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Author Topic: Turbo reconditioned and bolted back in  (Read 1706 times)
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Mike8v
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« on: 16 July, 2009, 06:26:33 PM »

It appears that My turbo on my delta is feeling a bit sick and would probably benifit from a rebuild.  The thing is tht Iv spent thousands on it over the past year an I dont want to spend much more.  So the question Im asking is that is it possible to rebuild the turbo myself If I get a rebuild kit and are there any special tools needed to do this

Many thanks
                Mike
« Last Edit: 08 August, 2009, 07:12:33 PM by Mike8v » Logged
chugga boom
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« Reply #1 on: 16 July, 2009, 08:13:23 PM »

friend of mine rebuilt his own turbo, the trick was to mark up the turbines and shaft so that they went back on in exactly the same place so as not to be out of balance when re-assembling, worked ok for a year or so then he sold the car, if the shaft is knackered then you may run into trouble with balacing the unit, the bearing is a floating unit where the turbine relies on oil pressure and balance to run true and so that the turbines dont hit their casings when moving, i've never been brave enough to rebuild my own always gone down the recon or s/h unit approach, good luck and let us know how you get on  Smiley
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Neil Lewis
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« Reply #2 on: 20 July, 2009, 11:16:39 PM »

Each time my turbo has needed to be rebuilt, it's needed a new casing too because of circumferential cracks.  I don't know if that's unique to the 8-valve integrale but it's worth consideration.

I sent the first one to Turbo Technics and the second and third to Owen Developments near Oxford (note that's on two seperate cars).  Turbo Techics were overpriced at 600 and the rebuilt turbo shed a turbine blade just after the one year guarantee ran out; coincidence maybe?  Owen Developments charged about 400 each time but I had no trouble afterwards and they're not condescending when you talk to them!

If the casing was OK I would probably have tried rebuilding them myself.

Neil
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Mike8v
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« Reply #3 on: 31 July, 2009, 04:31:20 PM »

Well After contacting a cr turbos and getting no reply I then sent an email off to midland turbo with a nice quick response.  They picked up the turbo on tuesday and payed for it yesterday so now just waiting for it to be sent back, Id imagine itll be next week cant see it arriving tomorrow.  But its had the seals, bearing and shaft replaced and I was thinking of getting the bearing uprated to a 360 and that would of been 70 ontop of the rebuild but lucky gor me it already had one so didnt have to pay any extra. 
If all goes well then I would recommend Midland turbo to anyone, free collection and delivery and quick collection aswell, phoned up moday about 5 ish and picked up tuesday bout 2.30

Will let you know when its back on an how its running.

Just one question, I dont have an electronic boost control but instead what i have is a three way bleed valve between the actuator and the manifold.  I just need to know how the thing works and where the 3rd line goes.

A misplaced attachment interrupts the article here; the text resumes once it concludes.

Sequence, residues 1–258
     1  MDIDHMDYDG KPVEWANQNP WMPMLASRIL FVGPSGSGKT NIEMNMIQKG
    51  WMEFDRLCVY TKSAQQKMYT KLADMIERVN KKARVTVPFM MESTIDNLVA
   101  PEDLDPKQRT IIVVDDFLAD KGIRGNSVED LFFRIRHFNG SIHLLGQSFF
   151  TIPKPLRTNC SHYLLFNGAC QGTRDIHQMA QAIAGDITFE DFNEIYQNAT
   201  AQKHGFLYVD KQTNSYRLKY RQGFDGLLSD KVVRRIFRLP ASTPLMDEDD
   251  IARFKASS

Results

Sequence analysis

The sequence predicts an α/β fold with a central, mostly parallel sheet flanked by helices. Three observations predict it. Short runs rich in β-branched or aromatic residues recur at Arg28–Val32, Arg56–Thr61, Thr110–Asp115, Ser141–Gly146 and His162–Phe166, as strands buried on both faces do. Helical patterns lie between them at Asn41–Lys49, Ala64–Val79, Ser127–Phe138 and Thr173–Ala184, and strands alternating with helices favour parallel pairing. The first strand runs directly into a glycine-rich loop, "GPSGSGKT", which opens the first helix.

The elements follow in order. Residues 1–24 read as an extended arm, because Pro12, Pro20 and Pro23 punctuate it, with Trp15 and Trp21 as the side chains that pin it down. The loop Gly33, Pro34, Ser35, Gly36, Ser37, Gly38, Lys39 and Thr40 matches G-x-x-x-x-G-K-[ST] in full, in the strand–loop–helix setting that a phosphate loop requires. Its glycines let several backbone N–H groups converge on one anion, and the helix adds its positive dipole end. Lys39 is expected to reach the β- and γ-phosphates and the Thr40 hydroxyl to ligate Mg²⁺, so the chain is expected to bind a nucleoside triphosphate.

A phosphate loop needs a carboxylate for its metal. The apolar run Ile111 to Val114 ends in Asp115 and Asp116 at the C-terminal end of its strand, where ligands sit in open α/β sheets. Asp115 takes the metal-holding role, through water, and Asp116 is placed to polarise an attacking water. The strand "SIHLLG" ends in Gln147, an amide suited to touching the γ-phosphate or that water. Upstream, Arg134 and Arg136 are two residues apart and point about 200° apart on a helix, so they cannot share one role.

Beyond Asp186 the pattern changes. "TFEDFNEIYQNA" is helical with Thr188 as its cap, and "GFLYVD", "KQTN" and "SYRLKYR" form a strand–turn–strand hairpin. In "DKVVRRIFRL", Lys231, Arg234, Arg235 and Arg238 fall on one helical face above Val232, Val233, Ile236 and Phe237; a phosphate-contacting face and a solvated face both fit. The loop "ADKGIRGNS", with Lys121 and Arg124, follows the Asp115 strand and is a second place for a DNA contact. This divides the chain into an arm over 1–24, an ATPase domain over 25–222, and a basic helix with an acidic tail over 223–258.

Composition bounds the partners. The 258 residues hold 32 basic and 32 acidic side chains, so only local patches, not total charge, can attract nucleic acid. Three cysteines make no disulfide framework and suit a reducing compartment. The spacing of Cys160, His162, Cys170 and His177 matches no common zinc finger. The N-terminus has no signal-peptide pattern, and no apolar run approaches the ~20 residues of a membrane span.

Before the rebuild of the engine it was not connected to anything so just sucking air, so if any of you have this then i would appreciate knowing how yours is set up

Thanks
Mike
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Neil Lewis
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« Reply #4 on: 02 August, 2009, 09:53:01 PM »

The bleed valve has three ports.  The two either side go in the pipe to the wastegate and the third port (at the bottom) goes to atmosphere.  A knob on the oppiste side controls a needle vale which allows some of the boost pressure to be bled away (that's why it's a bleed valve) making the wastgate think there's less pressure actuating it.  Be very careful and start off with the valve closed, ie, it has no effect.  Then slowly day-by-day, open the valve 1/4 turn at a time and listen very carefully to the engine; it'll make funny noises if you go too far.  It's very easy to open the valve too far and blow up your engine: I know cos I blew a head gasket!!!

All HF's (turbos and integrales) have a boost gauge so I suggest you keep a close eye on that and don't go beyond the 1 bar mark.  You need to be aware that the boost will instantaneulsy go much higher when you whack the throtlle open and medium revs and then die away.  It's constanmtly using that initial burst which catches people out.

By the way it's just as easy to blow up the engine with the electronic ones too!

Neil
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Mike8v
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« Reply #5 on: 08 August, 2009, 07:11:54 PM »

Got the turbo back on tuesday so in all from them picking it up to dropping it back off took 7 days so not too bad on that part.  I started wed afternoon and then finished on the thursday afternoon.  So far so good no smoke out of the exhaust boost's nicely I just need to tune in the bleed valve now (many thanks Neil for explaining it to me). 

If any ones interested in looking at some pics of the car then go onto retro rides forum and its posted in the readers rides section   1991 Lancia delta integrale

As siad before I would reccomend Midland Turbo to anyone as it was resonably priced at 375 for the rebuild.

Mike
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